In frenzied excitement he eats up the ground; he cannot stand still when the trumpet sounds.
"With shaking and rage he races over the ground, And he does not stand still at the voice of the trumpet.
Fiercely it paws the ground and rushes forward into battle when the trumpet blows.
He quivers with excitement, and at the trumpet blast races off at a gallop.
Shaking with passion, he is biting the earth; he is not able to keep quiet at the sound of the horn;
With fierceness and rage it swallows the ground; it cannot stand still at the sound of the trumpet.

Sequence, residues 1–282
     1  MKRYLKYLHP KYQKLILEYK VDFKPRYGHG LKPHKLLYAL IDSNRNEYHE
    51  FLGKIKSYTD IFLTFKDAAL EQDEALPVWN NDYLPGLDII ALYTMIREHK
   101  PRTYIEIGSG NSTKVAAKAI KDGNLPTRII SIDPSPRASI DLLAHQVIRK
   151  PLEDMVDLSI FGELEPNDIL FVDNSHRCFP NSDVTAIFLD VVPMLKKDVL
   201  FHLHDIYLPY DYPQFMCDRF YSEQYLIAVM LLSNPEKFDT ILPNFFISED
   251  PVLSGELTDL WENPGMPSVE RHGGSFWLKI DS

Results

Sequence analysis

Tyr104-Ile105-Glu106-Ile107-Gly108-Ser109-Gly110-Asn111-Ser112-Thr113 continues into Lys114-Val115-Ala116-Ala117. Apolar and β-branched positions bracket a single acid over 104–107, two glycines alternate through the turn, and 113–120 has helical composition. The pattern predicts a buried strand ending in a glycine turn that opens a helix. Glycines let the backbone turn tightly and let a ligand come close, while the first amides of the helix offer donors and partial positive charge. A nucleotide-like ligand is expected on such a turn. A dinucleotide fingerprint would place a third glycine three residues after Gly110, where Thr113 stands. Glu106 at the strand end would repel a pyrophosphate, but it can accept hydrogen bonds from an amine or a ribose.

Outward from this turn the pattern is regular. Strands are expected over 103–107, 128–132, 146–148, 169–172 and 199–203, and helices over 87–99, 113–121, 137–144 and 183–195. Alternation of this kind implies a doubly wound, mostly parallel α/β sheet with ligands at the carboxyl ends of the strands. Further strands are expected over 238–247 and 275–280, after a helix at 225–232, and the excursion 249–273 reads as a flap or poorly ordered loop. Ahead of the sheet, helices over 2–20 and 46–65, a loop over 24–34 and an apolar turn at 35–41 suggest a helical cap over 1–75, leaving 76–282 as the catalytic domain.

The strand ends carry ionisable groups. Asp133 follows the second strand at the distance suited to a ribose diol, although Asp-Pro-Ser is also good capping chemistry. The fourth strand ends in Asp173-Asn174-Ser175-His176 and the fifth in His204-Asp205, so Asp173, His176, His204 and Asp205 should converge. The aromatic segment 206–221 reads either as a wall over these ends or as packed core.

He devours the distance with fierceness and rage; Nor does he come to a halt because the trumpet has sounded.
|NET © [draft] ITL|
|NET © Notes||
1 tn “Swallow the ground” is a metaphor for the horse’s running. Gray renders the line: “quivering and excited he dashes into the fray.”
2 tn The use of אָמַן (’aman) in the Hiphil in this place is unique. Such a form would normally mean “to believe.” But its basic etymological meaning comes through here. The verb means “to be firm; to be reliable; to be dependable.” The causative here would mean “to make firm” or “to stand firm.”